personal problems but many admit they lack the skills to start these conversations, or don’t know how to respond when a friend opens up to them.Middle Aged Man Relaxing In Countryside

Some believe men should be silent, resilient, unemotional and self-reliant. If they follow this lead, it makes it harder for them to engage with others, especially other men. For whatever reason, they may stop making the effort, when in truth, social networks need to be nurtured and kept active.

Content from the August EDITION

    • Hay Fever
    • Questions for the other person
    • Men reaching out
    • Fibroids of the uterus
    • Restless Legs Syndrome
    • Nocturnal Enuresis
    • Recipe: zucchini pizza base
    • Sudoku
  • Kid’s colour fun – with crayons

Feature Article – June EditionHN_June 2016_WEB-1

Is it Tonsillitis?

The tonsils sit just behind the back teeth and are part of the body’s immune system. If they are infected you will typically get a sore throat, fever, headache and often, bad breath. However, the vast majority of sore throats are not tonsillitis but rather pharyngitis, which is an infection of the back of the throat and is almost always viral (and therefore not helped by antibiotics).

True tonsillitis may be due to a virus or bacteria and is more common in children. The throat is more acutely painful than in pharyngitis. Your doctor nearly always takes a look at the health of the tonsils when assessing a ‘sore throat’ and will be wary of group A Streptococcus infection (about 1 in 5 cases) which can cause complications like difficulty breathing, drooling, stiff neck, and neck swelling below the lower jaw. The same bacteria can cause acute rheumatic fever, particularly in children of Aboriginal, Maori, or Pacific Islander background.

When in doubt, your doctor may organise a Young girl with sore throatthroat swab to help sort it out.

The viral form of tonsillitis is treated with rest, fluids and pain relief. It will be painful to eat so don’t force it for children or adults. The less common bacterial form will need antibiotics – typically penicillin (unless there is allergy to this drug).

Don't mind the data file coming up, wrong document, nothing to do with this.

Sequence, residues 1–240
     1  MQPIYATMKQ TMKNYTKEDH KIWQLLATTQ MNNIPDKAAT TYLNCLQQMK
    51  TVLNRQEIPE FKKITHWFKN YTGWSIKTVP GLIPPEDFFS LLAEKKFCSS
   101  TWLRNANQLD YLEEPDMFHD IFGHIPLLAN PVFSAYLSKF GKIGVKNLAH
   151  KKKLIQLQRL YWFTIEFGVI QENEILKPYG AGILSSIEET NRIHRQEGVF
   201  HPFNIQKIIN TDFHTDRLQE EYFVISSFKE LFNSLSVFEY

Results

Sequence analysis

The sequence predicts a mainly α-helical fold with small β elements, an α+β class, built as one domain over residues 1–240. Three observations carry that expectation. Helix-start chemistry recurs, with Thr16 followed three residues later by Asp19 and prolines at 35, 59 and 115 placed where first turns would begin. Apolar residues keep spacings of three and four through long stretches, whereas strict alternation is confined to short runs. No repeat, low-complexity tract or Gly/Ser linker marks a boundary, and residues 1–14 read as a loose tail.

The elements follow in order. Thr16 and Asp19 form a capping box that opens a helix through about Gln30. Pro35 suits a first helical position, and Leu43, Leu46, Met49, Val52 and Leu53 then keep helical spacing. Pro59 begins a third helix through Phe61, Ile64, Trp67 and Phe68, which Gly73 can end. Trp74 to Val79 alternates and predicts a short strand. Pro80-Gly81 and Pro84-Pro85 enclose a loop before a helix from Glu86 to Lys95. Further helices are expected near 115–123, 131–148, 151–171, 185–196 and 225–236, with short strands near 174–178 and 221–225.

Complications, which are rare now, can include ear or sinus infection or an abscess (called Quinsy). Occasionally, an acute sore throat can be the beginning of a longer bout of glandular fever (Infectious Mononucleosis) or the more risky acute epiglottitis.

In previous generations, removing tonsils was common. Today they are only removed on good grounds including chronic or recurrent (more than four per year) infections or if the enlarged tonsils impact on breathing and contribute to things like sleep apnoea in the toddler.

There is generally no need to see your doctor with a mild sore throat. If it does not settle or you have a fever, or other concerns then always get it checked. Remember that most times antibiotics are not required and tonsils usually do not need to be removed.

Further info: www.betterhealth.vic.gov.au/health/conditionsandtreatments/tonsillitis

Content from the June EDITION

  • Myasthenia Gravis
  • Stroke – know when to call 000
  • STI testing is easy
  • Is it Tonsillitis?
  • Psoriasis
  • Recipe: chicken & vegetable soup
  • Sudoku
  • Laughter: the best medicine

Previous Editions, click HERE*
*you may require the latest edition of Adobe Flash.

Here’s some articles from the last two years…

About Lumpy Breasts
Shingles: What Is It?
I Have GORD: What Next?
Asbestos – the 3rd Wave of Exposure
Shin Splints
Atrial Fibrillation
Puberty – Normal or Not?
Hepatitis C Facts
Swimmer’s Ear (Otitis Externa)
Domestic Abuse
Managing Sun Damaged Skin
Kids Activity
Correct Contraception for You
Febrile Convulsions in Children
Beating Christmas Stress
Childhood Vaccinations Help
Middle Ear Infections
Menopause and Me
Your Heart Needs Exercise
‘Boys Don’t Cry’: Men & Suicide
Coping with Chickenpox
Can Antibiotics Cause Thrush?
Grief – the Do’s and Don’ts
Age-related Macular Degeneration
Recipes and more
Health crosswords
Laughter – the Best Medicine